- #1

Master1022

- 611

- 117

- TL;DR Summary
- Why can an autoregressive AR(p) model provide a spectrum estimate with ##p/2## peaks?

Hi,

I was recently reading about spectral estimation with parametric methods, and specifically auto-regressive models. I came across the statement: "

An AR(p) model predicts the next value in a time series using a linear combination of the ## p ## previous values. This can be written in the following form:

[tex] x_t = - \sum_{k = 1}^{p} a_{k} x_{t - k} + e_t [/tex]

Then, by taking the z-transform, this leads to:

[tex] X(z) \left( 1 + \sum_{i = k}^{p} a_{k} z^{-k} \right) = E(z) \rightarrow G(z) = \frac{X(z)}{E(z)} = 1/\left( 1 + \sum_{i = k}^{p} a_{k} z^{-k} \right) [/tex]

Taking ##z = e^{j\omega T_s} ## where ## \omega ## is the angular frequency and ## T_s ## is the sampling period, we can obtain the frequency response of the discrete system associated with the AR model. Then if we want to find the PSD spectrum of the signal:

[tex] P_{xx}(\omega) = |G(\omega)|^2 P_{ee}(\omega) [/tex]

if the error is assumed to be gaussian with a variance ## \sigma_e ^ 2 ##, then we get:

[tex] P_{xx}(\omega) = \frac{\sigma_e ^ 2}{|1 + \sum_{i = k}^{p} a_{k} e^{-j\omega k T_s}|^2} [/tex]

at which point it just states, without explanation, that it can produce a spectrum with ## p/2 ## peaks. My question is:

From the denominator, it looks as if we have a +1 shifted 'circular-type' shape (with varying coefficients) from the origin. My only guess is that the ## p ## points will be will be symmetric about the real axis, and thus this will equate to ## p/2 ## peaks. Any help or guidance around this would be greatly appreciated.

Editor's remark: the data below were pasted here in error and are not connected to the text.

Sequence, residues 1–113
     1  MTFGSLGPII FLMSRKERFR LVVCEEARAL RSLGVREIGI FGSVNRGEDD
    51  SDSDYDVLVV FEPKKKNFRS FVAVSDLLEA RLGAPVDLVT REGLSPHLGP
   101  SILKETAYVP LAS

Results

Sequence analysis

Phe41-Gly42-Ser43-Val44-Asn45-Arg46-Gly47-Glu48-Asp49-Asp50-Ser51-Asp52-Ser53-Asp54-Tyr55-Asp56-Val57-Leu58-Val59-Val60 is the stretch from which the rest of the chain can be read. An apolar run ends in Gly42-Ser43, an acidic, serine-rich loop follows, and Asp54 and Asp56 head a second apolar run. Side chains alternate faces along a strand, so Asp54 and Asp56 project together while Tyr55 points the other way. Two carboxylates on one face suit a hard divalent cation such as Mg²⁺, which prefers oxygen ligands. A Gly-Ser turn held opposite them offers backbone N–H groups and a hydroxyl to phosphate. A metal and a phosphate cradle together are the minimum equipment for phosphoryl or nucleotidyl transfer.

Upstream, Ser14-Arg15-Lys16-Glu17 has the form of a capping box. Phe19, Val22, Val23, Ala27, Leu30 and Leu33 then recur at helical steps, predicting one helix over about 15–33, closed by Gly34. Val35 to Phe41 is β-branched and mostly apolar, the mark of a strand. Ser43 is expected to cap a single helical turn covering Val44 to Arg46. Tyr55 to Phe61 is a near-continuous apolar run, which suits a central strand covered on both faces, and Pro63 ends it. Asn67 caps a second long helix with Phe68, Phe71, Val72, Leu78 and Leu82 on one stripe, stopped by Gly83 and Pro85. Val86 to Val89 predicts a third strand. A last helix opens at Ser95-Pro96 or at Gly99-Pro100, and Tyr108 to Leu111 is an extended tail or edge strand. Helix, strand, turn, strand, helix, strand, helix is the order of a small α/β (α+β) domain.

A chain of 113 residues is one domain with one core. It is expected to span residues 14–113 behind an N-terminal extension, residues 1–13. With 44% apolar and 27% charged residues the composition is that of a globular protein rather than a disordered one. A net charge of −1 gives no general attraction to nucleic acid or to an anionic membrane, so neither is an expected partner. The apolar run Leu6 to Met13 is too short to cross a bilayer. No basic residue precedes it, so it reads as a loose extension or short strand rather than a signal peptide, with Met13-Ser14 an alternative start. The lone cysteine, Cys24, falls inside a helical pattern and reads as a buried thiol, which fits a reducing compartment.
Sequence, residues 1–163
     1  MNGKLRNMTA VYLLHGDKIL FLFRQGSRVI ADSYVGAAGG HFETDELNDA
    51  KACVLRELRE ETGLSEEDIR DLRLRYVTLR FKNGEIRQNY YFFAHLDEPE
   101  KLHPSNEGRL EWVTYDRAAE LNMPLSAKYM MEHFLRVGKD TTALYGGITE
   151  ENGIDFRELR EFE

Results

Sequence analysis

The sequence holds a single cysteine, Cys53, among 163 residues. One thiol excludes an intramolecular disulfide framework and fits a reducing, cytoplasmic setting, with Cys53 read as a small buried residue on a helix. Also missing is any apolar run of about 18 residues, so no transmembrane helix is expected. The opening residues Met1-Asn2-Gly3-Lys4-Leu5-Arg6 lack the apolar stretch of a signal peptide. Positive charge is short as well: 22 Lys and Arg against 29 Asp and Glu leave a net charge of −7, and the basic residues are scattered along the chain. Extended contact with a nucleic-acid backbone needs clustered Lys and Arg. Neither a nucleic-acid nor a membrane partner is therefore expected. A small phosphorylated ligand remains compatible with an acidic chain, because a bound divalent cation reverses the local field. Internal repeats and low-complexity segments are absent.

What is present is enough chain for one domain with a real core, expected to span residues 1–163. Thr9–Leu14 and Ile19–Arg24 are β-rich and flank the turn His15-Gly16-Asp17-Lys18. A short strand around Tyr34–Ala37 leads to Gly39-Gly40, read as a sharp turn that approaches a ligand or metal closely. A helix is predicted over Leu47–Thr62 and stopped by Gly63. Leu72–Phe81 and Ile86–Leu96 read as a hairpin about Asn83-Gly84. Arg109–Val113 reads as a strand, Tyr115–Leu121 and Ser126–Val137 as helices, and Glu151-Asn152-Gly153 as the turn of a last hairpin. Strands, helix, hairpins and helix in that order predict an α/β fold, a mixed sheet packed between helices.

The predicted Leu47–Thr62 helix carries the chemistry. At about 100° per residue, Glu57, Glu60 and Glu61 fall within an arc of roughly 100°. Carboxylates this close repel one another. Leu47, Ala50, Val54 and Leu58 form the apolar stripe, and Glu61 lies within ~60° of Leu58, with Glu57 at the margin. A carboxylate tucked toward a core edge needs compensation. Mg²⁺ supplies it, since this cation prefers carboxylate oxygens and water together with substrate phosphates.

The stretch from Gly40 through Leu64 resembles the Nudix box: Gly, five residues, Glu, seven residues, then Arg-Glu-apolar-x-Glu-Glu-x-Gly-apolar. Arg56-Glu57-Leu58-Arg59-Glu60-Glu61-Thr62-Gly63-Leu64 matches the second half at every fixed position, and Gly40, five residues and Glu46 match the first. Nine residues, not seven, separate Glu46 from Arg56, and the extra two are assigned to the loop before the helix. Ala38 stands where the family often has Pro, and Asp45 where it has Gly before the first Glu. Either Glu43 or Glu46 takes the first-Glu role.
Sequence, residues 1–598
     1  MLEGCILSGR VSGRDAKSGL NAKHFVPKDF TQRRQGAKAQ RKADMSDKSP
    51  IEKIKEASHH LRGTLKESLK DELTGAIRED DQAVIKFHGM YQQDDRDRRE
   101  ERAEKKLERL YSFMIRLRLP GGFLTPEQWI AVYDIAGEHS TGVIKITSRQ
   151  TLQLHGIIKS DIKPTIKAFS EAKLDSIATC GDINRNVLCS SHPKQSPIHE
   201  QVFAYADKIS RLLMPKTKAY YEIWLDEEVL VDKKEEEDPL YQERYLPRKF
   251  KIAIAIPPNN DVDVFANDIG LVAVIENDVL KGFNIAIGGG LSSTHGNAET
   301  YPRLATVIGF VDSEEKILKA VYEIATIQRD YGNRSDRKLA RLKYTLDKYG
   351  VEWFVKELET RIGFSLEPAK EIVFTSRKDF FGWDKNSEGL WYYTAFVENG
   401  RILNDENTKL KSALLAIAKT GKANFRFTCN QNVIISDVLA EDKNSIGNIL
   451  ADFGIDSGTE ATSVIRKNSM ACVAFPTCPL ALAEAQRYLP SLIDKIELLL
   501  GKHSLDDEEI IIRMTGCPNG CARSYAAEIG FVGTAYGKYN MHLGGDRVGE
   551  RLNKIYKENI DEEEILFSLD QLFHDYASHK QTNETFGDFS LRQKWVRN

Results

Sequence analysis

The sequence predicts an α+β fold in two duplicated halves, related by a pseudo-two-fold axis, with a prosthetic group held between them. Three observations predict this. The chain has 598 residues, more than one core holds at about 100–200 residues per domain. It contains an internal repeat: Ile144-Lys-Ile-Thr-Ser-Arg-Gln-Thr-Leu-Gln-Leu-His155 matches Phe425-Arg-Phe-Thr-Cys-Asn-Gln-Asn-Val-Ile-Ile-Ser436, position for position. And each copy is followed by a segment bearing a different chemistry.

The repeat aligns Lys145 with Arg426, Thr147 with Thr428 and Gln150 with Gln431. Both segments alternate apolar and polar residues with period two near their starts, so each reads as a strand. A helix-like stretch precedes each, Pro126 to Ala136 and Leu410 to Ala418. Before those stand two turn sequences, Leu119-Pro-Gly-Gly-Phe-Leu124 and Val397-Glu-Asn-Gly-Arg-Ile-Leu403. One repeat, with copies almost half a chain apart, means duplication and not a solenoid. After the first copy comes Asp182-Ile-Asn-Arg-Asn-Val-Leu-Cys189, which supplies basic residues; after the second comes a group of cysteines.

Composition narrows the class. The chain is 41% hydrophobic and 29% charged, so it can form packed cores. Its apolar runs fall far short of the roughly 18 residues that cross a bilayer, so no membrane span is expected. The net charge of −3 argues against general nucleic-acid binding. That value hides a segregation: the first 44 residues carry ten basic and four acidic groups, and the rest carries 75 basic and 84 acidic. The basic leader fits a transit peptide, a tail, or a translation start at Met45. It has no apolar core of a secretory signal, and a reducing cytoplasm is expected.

I was recently reading about spectral estimation with parametric methods, and specifically auto-regressive models. I came across the statement: "

*An AR(p) model can provide spectral estimates with p/2 peaks*" and I was wondering why this was the case. I do apologize if this is the wrong forum - should I be posting signal processing questions in the 'Electrical Engineering' forum, although I think it falls under information engineering?**Here is the context for the statement:**An AR(p) model predicts the next value in a time series using a linear combination of the ## p ## previous values. This can be written in the following form:

[tex] x_t = - \sum_{k = 1}^{p} a_{k} x_{t - k} + e_t [/tex]

Then, by taking the z-transform, this leads to:

[tex] X(z) \left( 1 + \sum_{i = k}^{p} a_{k} z^{-k} \right) = E(z) \rightarrow G(z) = \frac{X(z)}{E(z)} = 1/\left( 1 + \sum_{i = k}^{p} a_{k} z^{-k} \right) [/tex]

Taking ##z = e^{j\omega T_s} ## where ## \omega ## is the angular frequency and ## T_s ## is the sampling period, we can obtain the frequency response of the discrete system associated with the AR model. Then if we want to find the PSD spectrum of the signal:

[tex] P_{xx}(\omega) = |G(\omega)|^2 P_{ee}(\omega) [/tex]

if the error is assumed to be gaussian with a variance ## \sigma_e ^ 2 ##, then we get:

[tex] P_{xx}(\omega) = \frac{\sigma_e ^ 2}{|1 + \sum_{i = k}^{p} a_{k} e^{-j\omega k T_s}|^2} [/tex]

at which point it just states, without explanation, that it can produce a spectrum with ## p/2 ## peaks. My question is:

**why this is the case?**

Attempt to understand:Attempt to understand:

From the denominator, it looks as if we have a +1 shifted 'circular-type' shape (with varying coefficients) from the origin. My only guess is that the ## p ## points will be will be symmetric about the real axis, and thus this will equate to ## p/2 ## peaks. Any help or guidance around this would be greatly appreciated.

Last edited: